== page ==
This is the book and the community that I had been looking for. And I would recommend that if you know an injured athlete, then this book is probably the best gift that you could give them.
I came across it when I was listening to one of the podcast series that I often listen to and heard it mentioned: ‘Rebound: Train your Mind to Bounce Back Stronger from Sports Injuries’ by Carrie Jackson Cheadle and Cindy Kuzma. As well as reading it cover to cover, and going back through it over and over, I also discovered the Podcast series and the Facebook page under the title of ‘The Injured Athletes Club’.
The book has
forty-nine mental drills that map against fifteen key mental skills that you
can build to aid recovery from injury. It is built from real experience helping
athletes through successful rehabilitation from injury – and the core belief
that one can rebound from injury.
narratives describing athletes’ journeys through injury, including the key inflection points
Scientific explanations of the underlying psychology
Key points to take away and work on
Specific mental drills that you can incorporate into your recovery
the community is the most important part
The book opens
with talking about the fact that you are not alone, and that with that pillar
in place – there is a path forward.
community allows for the stages of grieving – accepting and defusing the negative
emotions, finding the clarity and support for the steps needed for your
progress and then having a genuine cheerleading group to celebrate the simple,
baby-steps steps of progress towards your bigger goals.
really like about the book
What I really
like about the book is the fact that it is flexible and multi-faceted, so you
can keep coming at things from different angles and building up even as your situation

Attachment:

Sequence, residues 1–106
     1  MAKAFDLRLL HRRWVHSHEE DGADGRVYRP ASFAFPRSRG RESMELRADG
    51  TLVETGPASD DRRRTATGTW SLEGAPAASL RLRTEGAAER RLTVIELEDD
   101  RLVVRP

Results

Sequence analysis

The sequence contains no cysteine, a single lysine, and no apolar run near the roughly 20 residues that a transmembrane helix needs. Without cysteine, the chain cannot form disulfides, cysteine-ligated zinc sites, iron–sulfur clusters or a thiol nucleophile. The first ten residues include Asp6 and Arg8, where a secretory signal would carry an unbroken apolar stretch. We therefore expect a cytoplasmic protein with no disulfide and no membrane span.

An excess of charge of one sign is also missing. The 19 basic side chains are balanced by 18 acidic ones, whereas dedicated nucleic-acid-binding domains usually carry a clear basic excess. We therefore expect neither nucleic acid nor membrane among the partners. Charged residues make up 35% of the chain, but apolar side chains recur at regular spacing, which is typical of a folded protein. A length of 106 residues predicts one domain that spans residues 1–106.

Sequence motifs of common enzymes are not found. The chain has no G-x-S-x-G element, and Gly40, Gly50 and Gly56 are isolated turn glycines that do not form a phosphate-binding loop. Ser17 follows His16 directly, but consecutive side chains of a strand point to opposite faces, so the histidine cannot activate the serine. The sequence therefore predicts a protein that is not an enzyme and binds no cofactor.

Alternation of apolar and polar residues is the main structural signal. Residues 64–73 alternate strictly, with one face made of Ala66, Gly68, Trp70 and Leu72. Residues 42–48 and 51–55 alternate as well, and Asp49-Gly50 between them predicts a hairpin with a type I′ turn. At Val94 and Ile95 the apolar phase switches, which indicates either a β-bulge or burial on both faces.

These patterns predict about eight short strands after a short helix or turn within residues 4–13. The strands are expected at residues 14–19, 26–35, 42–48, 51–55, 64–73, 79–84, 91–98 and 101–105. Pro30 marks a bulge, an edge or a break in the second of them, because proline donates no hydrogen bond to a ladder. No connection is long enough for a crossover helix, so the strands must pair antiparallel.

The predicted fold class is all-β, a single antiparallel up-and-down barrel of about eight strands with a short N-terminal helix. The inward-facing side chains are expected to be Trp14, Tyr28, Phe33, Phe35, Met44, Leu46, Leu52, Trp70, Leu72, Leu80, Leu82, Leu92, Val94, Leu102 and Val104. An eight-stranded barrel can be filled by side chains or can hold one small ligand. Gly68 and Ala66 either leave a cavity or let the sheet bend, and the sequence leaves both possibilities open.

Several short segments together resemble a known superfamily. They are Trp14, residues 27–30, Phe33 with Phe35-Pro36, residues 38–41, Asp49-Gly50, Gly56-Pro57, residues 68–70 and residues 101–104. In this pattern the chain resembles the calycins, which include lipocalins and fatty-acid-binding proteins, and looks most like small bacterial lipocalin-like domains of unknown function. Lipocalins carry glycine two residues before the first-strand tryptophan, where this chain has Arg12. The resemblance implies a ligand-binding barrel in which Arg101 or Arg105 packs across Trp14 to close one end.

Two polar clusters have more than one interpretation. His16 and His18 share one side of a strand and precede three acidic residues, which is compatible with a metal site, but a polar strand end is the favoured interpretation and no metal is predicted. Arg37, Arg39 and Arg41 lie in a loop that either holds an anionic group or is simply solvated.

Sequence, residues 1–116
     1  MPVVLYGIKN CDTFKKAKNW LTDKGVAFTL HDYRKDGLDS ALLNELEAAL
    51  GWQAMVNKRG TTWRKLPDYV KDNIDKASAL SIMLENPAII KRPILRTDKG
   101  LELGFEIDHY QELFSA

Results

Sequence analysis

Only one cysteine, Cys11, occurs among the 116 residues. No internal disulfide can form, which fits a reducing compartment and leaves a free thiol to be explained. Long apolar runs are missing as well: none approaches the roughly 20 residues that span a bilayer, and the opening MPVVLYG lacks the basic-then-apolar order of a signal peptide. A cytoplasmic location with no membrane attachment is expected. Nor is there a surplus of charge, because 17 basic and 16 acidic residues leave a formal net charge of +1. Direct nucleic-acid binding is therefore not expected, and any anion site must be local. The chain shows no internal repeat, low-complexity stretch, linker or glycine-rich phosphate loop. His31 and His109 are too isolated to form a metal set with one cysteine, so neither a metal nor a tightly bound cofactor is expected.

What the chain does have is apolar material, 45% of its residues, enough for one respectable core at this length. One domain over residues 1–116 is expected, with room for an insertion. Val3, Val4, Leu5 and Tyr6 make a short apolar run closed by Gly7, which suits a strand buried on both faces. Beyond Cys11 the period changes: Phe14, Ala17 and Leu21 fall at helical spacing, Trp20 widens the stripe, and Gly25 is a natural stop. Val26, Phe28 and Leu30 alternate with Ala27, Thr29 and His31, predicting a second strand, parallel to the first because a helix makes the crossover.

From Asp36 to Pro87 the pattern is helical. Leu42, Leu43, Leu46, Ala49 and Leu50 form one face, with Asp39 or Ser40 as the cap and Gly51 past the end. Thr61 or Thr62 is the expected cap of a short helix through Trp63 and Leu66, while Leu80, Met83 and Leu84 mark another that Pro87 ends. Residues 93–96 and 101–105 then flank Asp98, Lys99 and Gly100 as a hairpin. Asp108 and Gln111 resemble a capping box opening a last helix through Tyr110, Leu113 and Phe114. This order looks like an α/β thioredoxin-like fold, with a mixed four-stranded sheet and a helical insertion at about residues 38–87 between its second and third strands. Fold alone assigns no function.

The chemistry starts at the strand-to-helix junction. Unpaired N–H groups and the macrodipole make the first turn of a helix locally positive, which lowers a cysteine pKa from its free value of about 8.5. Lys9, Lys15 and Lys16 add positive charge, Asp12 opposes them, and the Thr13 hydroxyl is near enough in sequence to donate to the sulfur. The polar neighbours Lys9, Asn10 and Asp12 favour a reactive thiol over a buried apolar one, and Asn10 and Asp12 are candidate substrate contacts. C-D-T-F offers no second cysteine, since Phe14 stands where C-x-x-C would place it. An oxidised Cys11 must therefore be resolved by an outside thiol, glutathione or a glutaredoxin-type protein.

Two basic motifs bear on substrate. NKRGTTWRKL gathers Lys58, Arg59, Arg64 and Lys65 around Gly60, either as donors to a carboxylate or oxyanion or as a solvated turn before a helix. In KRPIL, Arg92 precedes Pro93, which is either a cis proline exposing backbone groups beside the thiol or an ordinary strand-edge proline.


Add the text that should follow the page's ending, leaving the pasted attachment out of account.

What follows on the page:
evolves and changes – whether that is progress or a slip backwards.
I hope that
it brings you or your friends support and strength when this is most needed.
It has been quite some months since I last wrote a blog.
The back end of last year was a hard road of trying to get the pain medications
to the balance that made the basics of getting through the day possible, and working
out how to shrink life to the things that I could get through. Then facing up
to the surgeon’s persuasion that a tenth surgical procedure was the best way
Through this time I struggled to find a way to share my
experience in a way that I felt could help others.
Plus, I have to say that I found various bloggers and
communities who are sharing their experiences and I felt were sharing a lot of
the things that I had been searching for over the last two years.
So I wanted to blog to share links to some of them – in
the hope that this is helpful for people reading it.
Jo shares her experience of over a decade of pain stopping
her ability to work as a firefighter and to run and pursue the sport and life
that she loved. She has gone on to do a huge amount of study about posture,
musculoskeletal issues and pain, now sharing this with others in her beautiful
and inspiring blog posts and also as a patient advocate at international
Just as Jo has pioneered the path in Canada, Tina has
done the same in the UK. Tina’s accident was over two decades ago and she
shares her experience of how to live well with persistent neuropathic and
musculoskeletal pain with lots of practical tools and advice from her own
experience. These come in the form of blog posts on specific topics and most
recently as a patient advocate, she has written a guide for patients called
‘Making the most of Physiotherapy’.
Pete attended a pain management programme in 1996 and
since then has dedicated himself to sharing the best information and knowledge
with both patients and clinicians across the globe dealing with persistent
pain, especially back pain. He has a great website and has written a number of
excellent guides on pain. Most recently he has set up a monthly Pain Toolkit
Online Café on Zoom, where anyone is welcome to digitally ‘pop-in’ and chat or
listen to others working with similar issues to their own.
Barbara’s experience of her own neurological illness and
also caring for her husband meant that she saw up-close-and-personally the
life-changing impact that a serious health issue can have. This led her to use
her coaching experience to restore emotional wellbeing and look positively
towards the future. Her blogs and self-help tools help across: managing the
health issue, reclaiming emotional health, reclaiming relationships, returning